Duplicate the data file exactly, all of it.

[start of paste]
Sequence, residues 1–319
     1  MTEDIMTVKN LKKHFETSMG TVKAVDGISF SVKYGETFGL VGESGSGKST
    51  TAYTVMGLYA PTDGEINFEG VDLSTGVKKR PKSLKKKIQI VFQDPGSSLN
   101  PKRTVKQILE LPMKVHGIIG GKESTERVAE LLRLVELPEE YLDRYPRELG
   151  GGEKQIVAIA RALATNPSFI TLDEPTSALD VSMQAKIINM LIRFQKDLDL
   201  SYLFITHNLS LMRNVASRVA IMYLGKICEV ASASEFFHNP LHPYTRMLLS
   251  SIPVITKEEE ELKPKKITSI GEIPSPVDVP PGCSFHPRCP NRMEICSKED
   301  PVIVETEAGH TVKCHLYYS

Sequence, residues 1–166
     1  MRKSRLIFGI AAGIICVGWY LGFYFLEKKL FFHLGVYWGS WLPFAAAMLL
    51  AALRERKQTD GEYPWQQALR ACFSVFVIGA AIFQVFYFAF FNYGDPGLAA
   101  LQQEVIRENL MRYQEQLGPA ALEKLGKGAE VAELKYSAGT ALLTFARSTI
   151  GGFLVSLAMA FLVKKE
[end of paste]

Sequence, residues 1–319
     1  MTEDIMTVKN LKKHFETSMG TVKAVDGISF SVKYGETFGL VGESGSGKST
    51  TAYTVMGLYA PTDGEINFEG VDLSTGVKKR PKSLKKKIQI VFQDPGSSLN
   101  PKRTVKQILE LPMKVHGIIG GKESTERVAE LLRLVELPEE YLDRYPRELG
   151  GGEKQIVAIA RALATNPSFI TLDEPTSALD VSMQAKIINM LIRFQKDLDL
   201  SYLFITHNLS LMRNVASRVA IMYLGKICEV ASASEFFHNP LHPYTRMLLS
   251  SIPVITKEEE ELKPKKITSI GEIPSPVDVP PGCSFHPRCP NRMEICSKED
   301  PVIVETEAGH TVKCHLYYS

Sequence, residues 1–166
     1  MRKSRLIFGI AAGIICVGWY LGFYFLEKKL FFHLGVYWGS WLPFAAAMLL
    51  AALRERKQTD GEYPWQQALR ACFSVFVIGA AIFQVFYFAF FNYGDPGLAA
   101  LQQEVIRENL MRYQEQLGPA ALEKLGKGAE VAELKYSAGT ALLTFARSTI
   151  GGFLVSLAMA FLVKKE